ALBUQUERQUE, N.M. — Former Bernalillo County Sheriff Darren White says he is no longer a certified law enforcement officer, doesn’t have a concealed handgun carry license but does own a firearm.
White has also publicly disclosed that he is a medical cannabis user and an investor in a new medical marijuana grower and dispensary in Albuquerque, as well as its chief administrator and security chief.
But medical marijuana use – regardless of whether it’s permitted by state law – remains illegal under federal law, and federal law prohibits unlawful users of controlled substances, such as marijuana, from possessing firearms, according to the long-held position of the U.S. Bureau of Alcohol, Tobacco, Firearms and Explosives.
White, who headed the state Department of Public Safety before serving eight years as sheriff, says he shouldn’t be forced to give up his gun because he chooses medical marijuana to treat his chronic back and knee pain, the result of injuries suffered as an Albuquerque police officer and while in the Army.
“It’s no different than using a prescription narcotic,” White says, noting that people who lawfully use pain drugs such as Oxycodone can legally possess firearms.
The ex-lawman cautions, however, that people who are under the influence of medical cannabis or Oxycodone should stay away from their weapons.
White says the federal government is behind the times with its position on firearms and medical cannabis.
“It’s very similar to most of the ways the federal government approaches marijuana,” he says. “They have not caught up to the states. They do not recognize medical cannabis at all. States tend to lead the way on issues like this. They already have.”
New Mexico is among more than two dozen states that have legalized physician-supervised use of medical cannabis. A handful of states, including neighboring Colorado, have also legalized marijuana for recreational use.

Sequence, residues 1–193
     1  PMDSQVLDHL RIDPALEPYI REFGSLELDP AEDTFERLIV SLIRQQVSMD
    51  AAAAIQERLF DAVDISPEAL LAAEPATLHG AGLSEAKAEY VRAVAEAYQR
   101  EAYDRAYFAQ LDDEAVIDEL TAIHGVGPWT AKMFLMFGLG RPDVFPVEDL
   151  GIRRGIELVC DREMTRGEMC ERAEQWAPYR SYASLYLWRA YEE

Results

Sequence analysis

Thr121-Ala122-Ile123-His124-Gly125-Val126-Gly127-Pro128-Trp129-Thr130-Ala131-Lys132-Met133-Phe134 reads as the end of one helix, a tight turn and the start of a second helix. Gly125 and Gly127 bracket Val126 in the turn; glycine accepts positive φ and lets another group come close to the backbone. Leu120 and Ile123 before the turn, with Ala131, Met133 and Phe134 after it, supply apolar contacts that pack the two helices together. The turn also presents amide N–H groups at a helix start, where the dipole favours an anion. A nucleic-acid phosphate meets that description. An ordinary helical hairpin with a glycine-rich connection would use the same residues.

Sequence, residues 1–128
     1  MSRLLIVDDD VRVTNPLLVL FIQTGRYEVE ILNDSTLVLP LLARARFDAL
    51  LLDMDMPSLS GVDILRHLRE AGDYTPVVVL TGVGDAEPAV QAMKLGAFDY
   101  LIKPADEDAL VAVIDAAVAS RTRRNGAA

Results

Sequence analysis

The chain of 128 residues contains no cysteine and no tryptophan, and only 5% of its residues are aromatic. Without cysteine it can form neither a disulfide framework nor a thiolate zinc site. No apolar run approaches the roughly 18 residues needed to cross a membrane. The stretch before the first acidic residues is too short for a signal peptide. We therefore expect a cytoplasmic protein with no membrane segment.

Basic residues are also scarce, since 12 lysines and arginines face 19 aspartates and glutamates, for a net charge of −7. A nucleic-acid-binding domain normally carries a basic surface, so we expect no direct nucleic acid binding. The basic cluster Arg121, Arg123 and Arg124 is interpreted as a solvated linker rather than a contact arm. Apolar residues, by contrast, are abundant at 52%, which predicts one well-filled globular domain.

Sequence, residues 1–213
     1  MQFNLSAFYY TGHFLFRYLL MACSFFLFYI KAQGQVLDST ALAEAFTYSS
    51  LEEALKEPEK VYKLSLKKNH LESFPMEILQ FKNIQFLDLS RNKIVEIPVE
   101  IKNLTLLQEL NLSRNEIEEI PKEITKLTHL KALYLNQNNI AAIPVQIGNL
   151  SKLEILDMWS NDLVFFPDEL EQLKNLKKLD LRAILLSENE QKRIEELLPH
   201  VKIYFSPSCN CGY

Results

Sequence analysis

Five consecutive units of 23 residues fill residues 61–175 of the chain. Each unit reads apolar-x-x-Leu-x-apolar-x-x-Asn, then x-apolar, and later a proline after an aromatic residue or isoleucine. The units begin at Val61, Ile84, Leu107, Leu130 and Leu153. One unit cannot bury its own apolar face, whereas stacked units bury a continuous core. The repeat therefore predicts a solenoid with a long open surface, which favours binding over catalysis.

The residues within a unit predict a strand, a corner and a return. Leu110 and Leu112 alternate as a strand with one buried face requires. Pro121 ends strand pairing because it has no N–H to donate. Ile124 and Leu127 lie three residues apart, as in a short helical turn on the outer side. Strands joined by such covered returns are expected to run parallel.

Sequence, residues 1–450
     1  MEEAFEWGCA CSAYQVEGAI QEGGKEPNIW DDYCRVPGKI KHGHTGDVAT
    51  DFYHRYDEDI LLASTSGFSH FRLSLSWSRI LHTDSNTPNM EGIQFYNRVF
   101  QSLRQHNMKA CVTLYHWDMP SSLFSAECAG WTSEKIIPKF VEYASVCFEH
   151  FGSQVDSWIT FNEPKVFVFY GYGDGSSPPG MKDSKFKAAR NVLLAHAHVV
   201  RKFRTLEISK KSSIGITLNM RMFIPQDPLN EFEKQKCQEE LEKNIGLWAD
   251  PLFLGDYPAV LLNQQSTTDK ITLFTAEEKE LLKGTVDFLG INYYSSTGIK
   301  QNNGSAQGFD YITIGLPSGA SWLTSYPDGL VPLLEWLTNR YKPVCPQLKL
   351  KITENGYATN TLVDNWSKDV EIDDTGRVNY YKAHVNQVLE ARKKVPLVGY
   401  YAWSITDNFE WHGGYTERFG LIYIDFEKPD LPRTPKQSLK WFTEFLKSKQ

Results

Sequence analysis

ATF’s position that medical marijuana users cannot legally possess firearms was announced prior to the first state legalizing recreational use of marijuana, but the bureau’s legal reasoning appears to extend to any marijuana use permitted by a state.
A spokesman for NORML, a group that has long worked to legalize marijuana use, says the group hasn’t heard of any federal prosecution of a person for firearm possession while using marijuana in compliance with state laws.
Republican Sen. Lisa Murkowski of Alaska, which has legalized marijuana for both medical and recreational use, has asked the U.S. Justice Department to revisit its position that a person who uses marijuana pursuant to state law is prohibited from possessing a firearm.
“It is my judgment that denying Americans the personal Second Amendment right to possess firearms … for mere use of marijuana pursuant to state law is arbitrarily overbroad and should be narrowed,” Murkowski wrote in a letter to Attorney General Loretta Lynch in March.
Such a change in position by the Justice Department wouldn’t be unprecedented. The department said in 2013 that it wouldn’t challenge state laws legalizing marijuana for recreational use, provided the states impose strict regulations.
ATF, which is part of the Justice Department, laid out its position on marijuana use and firearms possession in a letter in 2011 to federally licensed sellers of firearms.
Federal law prohibits any person who is an “unlawful user of or addicted to any controlled substance” from possessing a firearm or ammunition, ATF said. Marijuana is a controlled substance under federal law, and its use isn’t permitted by federal law for medicinal purposes, even if such use is sanctioned by state law, the bureau said.
ATF told firearms dealers that they could not sell guns or ammunition to a person if they had “reasonable cause to believe” that the person was an unlawful user of a controlled substance – for example, if the person showed a medical marijuana card for identification purposes.